Any business, whether a Fortune 500 company or a local mom and pop store, can suffer from bad publicity. With the amount of activity on social media sites like Facebook and Twitter, one person’s complaint about a particular aspect of your business can quickly turn into an avalanche of negative feedback if not handled properly. Worse still, handling the initial negative comment or comments incorrectly can have an even more damaging effect on your business and its image.
All it takes is one bad response to a negative review to start an ugly argument; the result being that poor response can tarnish your business’ reputation for a long time. When you respond badly to a negative review, your response won’t just be read by the initial reviewer. What you say can and likely will be read by everyone who reads your reviews or looks for your feed, whether it’s on Google, Facebook, Twitter, Yelp, or any other platform. It also shows that you can’t take criticism gracefully, and no one wants to do business with someone if they fear backlash from giving an honest review that is less than five stars.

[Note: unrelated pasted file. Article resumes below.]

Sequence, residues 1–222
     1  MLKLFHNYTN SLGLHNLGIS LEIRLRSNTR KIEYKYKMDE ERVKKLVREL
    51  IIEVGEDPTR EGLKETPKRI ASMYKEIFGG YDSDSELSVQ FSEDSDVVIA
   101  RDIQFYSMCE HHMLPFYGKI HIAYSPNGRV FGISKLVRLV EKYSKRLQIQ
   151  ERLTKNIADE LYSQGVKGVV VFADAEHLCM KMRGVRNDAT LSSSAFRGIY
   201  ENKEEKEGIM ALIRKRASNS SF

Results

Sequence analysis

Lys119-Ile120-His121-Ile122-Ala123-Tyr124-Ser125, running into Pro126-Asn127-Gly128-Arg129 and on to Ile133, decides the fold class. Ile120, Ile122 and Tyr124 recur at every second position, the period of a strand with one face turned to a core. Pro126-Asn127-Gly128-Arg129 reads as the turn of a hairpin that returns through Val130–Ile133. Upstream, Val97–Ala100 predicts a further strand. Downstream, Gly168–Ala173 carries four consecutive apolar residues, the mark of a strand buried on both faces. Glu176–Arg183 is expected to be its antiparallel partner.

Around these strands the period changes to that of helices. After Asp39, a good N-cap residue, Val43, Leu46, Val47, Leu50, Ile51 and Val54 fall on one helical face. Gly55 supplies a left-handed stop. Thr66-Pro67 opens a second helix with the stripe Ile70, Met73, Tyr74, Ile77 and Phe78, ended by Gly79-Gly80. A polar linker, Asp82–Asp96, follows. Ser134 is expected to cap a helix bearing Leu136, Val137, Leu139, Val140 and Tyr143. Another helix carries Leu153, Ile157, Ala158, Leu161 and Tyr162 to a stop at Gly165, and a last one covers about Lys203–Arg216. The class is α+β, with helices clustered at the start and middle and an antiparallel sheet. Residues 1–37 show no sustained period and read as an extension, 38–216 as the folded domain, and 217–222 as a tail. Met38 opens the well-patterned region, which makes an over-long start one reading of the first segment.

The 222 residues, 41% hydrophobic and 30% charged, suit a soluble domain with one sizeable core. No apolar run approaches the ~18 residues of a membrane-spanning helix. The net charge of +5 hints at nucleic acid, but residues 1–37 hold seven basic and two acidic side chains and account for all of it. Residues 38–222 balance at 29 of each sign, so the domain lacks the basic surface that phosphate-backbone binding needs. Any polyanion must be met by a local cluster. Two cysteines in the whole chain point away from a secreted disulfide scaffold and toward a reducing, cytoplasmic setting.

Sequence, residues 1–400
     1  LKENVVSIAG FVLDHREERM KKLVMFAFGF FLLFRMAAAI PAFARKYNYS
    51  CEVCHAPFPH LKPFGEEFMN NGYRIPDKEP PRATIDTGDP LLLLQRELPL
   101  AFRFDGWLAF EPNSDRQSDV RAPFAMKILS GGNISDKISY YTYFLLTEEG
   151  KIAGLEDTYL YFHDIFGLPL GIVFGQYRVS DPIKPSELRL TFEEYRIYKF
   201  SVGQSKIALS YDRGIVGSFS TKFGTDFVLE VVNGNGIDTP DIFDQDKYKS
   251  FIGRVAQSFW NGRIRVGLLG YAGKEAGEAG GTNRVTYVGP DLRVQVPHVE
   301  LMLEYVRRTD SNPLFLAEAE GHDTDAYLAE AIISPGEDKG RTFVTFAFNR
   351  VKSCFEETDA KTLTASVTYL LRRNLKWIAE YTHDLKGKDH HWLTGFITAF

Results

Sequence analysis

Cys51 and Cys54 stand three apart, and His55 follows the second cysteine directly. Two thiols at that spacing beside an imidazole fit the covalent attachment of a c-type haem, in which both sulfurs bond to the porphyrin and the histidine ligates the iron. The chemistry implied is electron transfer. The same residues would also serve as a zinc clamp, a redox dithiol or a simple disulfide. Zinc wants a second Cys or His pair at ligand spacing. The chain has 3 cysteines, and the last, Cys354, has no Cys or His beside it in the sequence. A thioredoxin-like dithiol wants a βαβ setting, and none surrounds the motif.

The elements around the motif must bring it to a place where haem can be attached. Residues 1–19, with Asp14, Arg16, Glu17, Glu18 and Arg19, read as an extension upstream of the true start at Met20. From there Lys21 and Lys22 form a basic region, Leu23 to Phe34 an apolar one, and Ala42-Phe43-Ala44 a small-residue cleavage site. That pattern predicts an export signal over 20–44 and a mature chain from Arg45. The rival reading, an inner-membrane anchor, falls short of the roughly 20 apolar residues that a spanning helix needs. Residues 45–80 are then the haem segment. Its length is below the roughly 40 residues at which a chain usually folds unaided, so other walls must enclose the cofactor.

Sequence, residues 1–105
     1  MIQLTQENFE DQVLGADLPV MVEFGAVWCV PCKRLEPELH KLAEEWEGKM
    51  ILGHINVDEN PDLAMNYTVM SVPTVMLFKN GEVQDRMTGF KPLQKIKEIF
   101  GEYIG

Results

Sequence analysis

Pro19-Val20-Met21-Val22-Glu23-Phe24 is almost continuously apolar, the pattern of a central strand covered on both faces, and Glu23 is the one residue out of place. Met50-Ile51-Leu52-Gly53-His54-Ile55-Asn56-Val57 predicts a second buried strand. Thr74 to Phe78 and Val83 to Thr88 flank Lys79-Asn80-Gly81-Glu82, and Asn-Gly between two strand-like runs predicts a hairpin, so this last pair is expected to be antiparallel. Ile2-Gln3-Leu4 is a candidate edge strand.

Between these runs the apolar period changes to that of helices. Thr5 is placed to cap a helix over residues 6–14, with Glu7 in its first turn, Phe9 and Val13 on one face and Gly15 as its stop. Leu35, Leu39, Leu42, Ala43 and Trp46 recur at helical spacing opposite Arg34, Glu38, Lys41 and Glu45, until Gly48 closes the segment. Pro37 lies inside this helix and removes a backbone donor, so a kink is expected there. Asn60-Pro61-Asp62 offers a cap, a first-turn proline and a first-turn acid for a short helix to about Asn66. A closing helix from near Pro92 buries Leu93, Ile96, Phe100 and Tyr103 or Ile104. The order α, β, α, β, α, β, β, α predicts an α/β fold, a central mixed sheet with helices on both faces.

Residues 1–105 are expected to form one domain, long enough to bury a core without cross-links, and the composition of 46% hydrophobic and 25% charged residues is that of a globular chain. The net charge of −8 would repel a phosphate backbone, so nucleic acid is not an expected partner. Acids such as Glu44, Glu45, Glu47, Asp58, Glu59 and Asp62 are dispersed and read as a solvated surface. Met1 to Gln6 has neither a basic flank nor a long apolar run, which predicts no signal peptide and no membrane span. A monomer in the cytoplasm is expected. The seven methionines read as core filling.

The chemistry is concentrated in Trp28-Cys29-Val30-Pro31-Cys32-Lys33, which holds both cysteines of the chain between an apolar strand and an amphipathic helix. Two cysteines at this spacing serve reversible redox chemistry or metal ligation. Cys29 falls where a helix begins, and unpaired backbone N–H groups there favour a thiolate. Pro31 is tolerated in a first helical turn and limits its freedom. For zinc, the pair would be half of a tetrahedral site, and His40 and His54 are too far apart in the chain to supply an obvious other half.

What’s the proper way to respond to a negative review?
Regardless of how good your products and services may be, at some point, someone is going to feel like they got short changed. It’s just a fact of business. Twenty years ago, it may have resulted in an angry call or letter, but these days, an angry customer has the power to create a wave of distrust or fear with a few well-placed reviews. Take these steps to help prevent further damage:
- Respond positively. Acknowledge that the negative reviewer was unhappy with some aspect of your service or product. Avoid becoming defensive – whether you were in the wrong or not, it automatically makes you look like you were if you take a defensive tone. Rather, be engaging, humble, and willing to listen.
- Take it offline. Eliminate the possibility of a negative online discussion by asking the person to call your business directly so that you can discuss and remedy the issue in person. Not only will the customer feel as if you’re taking the time to right what they felt was wrong, but it also shows readers (potential clients) that you can respond appropriately, that you care enough to try to fix the issue, and that you’re willing to grow from the feedback.
- Offer to make it better. There exists what Terry College of Business professors Michael McCollough and Sundar Bharadwaj call the service recovery paradox, which is the result of a very positive service recovery, causing a level of customer satisfaction and/or customer loyalty even greater than that expected if no service failure had happened. If you can manage to help your negative reviewer feel as though the wrong was righted and gain back their business, it is possible to recover from a negative review.